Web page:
In honor of President’s Day, we take a look at the Rolex watch that the 34th President of the United States chose to wear for several decades. Discover the story behind Dwight David “Ike” Eisenhower’s Rolex watch.
How Dwight D. Eisenhower’s Rolex Came to Be
First, let’s clear up some myths. President Eisenhower did not wear a Rolex President, a.k.a. a Date-Date, but rather, his Rolex was a solid yellow gold Datejust. Remember, the Day-Date only made its debut in 1956, while Ike received his Rolex in the early 1950s. Also, when he received the watch, Eisenhower was not yet President, but a five-star General in the United States Army. He served as President from January 20, 1953 until January 20, 1961. Now, let’s back up a bit.
In 1944, Rolex produced their 50,000th officially certified chronometer and presented it to Henri Guisan, the General of the Swiss Armed Forces during the Second World War. Four years later, in 1948, Rolex produced their 100,000th officially certified chronometer, which was a Datejust, and this time, the timepiece was destined for none other than the famed Winston Churchill. So in 1951, when it was time for Rolex to find a worthy recipient for their 150,000th officially certified chronometer, they envisioned no better candidate than General Eisenhower.
In a series of back and forth correspondence between Rolex’s Director René Jeanneret, a mutual contact named Nana Rae, and the office of General Eisenhower, the company sought out to see if General Eisenhower would accept the gift. General Eisenhower accepted graciously.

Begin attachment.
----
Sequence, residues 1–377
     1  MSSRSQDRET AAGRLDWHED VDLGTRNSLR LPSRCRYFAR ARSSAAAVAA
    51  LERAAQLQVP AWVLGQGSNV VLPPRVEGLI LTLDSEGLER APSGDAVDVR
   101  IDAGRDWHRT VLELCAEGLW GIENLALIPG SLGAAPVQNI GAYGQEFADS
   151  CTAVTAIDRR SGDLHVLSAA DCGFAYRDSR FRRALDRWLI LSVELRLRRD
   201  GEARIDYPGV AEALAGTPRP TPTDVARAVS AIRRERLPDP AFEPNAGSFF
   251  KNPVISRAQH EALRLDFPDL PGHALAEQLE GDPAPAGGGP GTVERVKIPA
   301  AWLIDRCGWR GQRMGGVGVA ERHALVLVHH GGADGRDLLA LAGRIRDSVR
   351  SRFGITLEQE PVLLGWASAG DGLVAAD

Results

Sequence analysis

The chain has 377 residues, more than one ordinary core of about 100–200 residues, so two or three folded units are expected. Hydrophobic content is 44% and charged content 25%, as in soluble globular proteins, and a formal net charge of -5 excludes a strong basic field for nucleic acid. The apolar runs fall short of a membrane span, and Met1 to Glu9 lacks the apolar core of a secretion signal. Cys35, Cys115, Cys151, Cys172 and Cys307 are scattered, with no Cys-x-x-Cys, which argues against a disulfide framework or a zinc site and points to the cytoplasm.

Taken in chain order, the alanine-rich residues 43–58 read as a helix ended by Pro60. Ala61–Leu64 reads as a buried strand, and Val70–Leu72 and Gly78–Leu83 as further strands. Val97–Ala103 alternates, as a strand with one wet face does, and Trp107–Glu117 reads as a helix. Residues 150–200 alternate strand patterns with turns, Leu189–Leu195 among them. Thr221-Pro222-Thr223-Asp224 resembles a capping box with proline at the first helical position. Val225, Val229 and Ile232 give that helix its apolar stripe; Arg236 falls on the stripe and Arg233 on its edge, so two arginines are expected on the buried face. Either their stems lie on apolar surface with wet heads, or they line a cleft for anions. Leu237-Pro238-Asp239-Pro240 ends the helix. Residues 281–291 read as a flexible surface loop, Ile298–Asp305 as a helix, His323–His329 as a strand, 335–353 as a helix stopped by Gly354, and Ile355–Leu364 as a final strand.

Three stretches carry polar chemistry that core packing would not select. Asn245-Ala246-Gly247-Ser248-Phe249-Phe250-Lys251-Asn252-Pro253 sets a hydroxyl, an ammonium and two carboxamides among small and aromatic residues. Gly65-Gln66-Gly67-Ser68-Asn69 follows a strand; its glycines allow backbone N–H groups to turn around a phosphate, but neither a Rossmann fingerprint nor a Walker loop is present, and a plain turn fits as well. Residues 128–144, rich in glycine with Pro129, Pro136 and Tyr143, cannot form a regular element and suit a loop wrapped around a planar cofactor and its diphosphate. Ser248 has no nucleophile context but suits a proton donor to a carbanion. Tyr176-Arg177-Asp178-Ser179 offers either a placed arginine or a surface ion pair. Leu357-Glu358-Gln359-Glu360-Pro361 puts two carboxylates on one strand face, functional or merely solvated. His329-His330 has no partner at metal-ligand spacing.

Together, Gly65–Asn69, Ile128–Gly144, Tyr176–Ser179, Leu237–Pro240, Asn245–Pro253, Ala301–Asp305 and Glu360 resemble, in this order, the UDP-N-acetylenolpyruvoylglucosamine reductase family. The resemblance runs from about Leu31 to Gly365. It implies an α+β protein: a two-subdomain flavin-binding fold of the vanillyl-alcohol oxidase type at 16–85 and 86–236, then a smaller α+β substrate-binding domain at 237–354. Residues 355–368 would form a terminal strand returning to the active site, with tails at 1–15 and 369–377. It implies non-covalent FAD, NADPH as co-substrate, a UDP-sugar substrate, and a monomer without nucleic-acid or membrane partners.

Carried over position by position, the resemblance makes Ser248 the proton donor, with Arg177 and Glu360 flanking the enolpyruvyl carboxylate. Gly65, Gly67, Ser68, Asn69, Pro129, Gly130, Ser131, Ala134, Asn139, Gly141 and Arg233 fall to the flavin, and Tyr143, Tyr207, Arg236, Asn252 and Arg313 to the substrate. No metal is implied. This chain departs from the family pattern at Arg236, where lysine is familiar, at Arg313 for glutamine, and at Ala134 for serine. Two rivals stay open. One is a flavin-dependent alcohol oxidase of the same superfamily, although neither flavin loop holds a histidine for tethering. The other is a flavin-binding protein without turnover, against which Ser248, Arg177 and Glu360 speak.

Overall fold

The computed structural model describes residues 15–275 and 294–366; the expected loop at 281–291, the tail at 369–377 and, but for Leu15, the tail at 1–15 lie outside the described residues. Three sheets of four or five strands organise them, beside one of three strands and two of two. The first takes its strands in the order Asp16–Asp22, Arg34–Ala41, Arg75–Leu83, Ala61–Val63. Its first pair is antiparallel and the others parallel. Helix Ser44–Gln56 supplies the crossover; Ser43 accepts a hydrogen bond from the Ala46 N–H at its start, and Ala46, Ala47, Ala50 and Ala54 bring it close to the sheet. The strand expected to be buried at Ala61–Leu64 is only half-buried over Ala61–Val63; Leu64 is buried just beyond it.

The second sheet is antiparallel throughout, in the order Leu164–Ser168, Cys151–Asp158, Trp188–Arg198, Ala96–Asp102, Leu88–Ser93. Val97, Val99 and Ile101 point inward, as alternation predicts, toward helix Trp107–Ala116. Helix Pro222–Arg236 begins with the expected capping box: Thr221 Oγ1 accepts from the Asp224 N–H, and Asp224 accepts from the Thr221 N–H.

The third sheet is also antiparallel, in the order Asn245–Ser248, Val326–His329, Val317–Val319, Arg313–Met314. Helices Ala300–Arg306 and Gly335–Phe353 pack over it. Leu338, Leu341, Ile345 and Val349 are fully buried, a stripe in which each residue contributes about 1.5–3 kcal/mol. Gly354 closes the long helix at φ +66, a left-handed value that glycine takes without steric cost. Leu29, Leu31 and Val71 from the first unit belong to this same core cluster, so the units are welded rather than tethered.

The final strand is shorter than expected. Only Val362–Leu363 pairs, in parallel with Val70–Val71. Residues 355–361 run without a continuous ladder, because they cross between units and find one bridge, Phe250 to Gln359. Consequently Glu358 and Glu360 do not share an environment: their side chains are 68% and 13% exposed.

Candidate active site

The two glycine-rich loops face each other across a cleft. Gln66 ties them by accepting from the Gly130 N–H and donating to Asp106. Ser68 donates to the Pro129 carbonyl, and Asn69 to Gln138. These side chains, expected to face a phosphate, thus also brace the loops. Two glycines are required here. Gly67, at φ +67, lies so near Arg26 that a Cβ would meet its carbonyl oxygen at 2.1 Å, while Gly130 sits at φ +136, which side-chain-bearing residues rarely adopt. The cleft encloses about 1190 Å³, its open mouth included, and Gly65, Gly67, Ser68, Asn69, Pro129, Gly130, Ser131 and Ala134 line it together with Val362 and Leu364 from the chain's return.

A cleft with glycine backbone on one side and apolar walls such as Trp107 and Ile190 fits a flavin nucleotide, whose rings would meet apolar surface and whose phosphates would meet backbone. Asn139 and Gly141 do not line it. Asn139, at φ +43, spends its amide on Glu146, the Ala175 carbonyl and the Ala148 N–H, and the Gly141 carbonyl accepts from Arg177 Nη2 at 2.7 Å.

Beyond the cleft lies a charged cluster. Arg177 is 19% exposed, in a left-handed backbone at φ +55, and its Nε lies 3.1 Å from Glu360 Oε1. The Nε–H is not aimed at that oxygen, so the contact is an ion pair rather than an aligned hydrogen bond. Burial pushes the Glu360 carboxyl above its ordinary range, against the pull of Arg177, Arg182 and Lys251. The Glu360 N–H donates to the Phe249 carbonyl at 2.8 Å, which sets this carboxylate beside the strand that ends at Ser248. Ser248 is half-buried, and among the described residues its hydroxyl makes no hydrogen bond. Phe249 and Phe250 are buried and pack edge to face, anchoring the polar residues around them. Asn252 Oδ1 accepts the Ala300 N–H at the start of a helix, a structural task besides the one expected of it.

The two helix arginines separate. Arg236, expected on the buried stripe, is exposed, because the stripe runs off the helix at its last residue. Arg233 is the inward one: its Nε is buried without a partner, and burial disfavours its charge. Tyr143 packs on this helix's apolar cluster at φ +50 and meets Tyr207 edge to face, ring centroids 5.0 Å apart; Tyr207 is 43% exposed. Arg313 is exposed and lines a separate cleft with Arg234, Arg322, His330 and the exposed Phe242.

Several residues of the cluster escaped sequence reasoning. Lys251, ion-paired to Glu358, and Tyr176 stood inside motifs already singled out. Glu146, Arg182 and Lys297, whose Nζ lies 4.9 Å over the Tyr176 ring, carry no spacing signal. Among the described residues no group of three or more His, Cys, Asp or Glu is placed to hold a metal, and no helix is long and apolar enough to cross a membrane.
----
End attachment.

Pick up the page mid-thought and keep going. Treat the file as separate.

Following another round of letters, it was determined that the watch’s caseback would be engraved with five stars to represent the General’s five-star rank, his initials, D.D.E, and 12-19-1950—the date that General Eisenhower was appointed the Supreme Commander of the North Atlantic Treaty Organization (NATO). Plus, his initials are also engraved into the bracelet clasp.
The Journey of Dwight D. Eisenhower’s Rolex Datejust
The specific reference of Eisenhower’s Rolex is the Datejust ref. 6305. It has a 36mm yellow gold Oyster case along with the classic yellow gold five-link Jubilee bracelet. On the silver dial, we see the iconic date window, which in this example displays red numerals. There’s of course also the famed Cyclops magnification lens on the crystal just above the window.
The silver sunburst dial is, in fact, a service replacement dial as illustrated by the “T SWISS T” markings below 6 o’clock. Rolex only began using tritium as a luminescent material on their watches in the mid-1960s, which is well after Ike was gifted his Rolex.
The watch gained plenty of attention when General Eisenhower wore it on the cover of Life magazine, published July 12, 1952. The following year, he took office. President Eisenhower wore his beloved Rolex Datejust for decades until he gave it to his dear friend and personal valet, Sergeant John Moaney. When Sgt. Moaney died in the late 1970s, he left the Rolex to his wife, Delores Moaney, who was also the personal cook to the Eisenhower family. The historic Rolex Datejust was eventually sold to Raleigh DeGeer Amyx, a noted collector of presidential and other important American memorabilia.
In 2014, Dwight D. Eisenhower’s Rolex Datejust ref. 6305 was put up for sale at a public auction. However, despite a hyped up media campaign, the highest bid of $475,000 failed to meet the lot’s reserve. Perhaps the watch fare better in today’s red-hot auction market for historically important Rolex watches?
While Eisenhower’s Datejust is not technically a Rolex President watch, it is a President’s Rolex watch.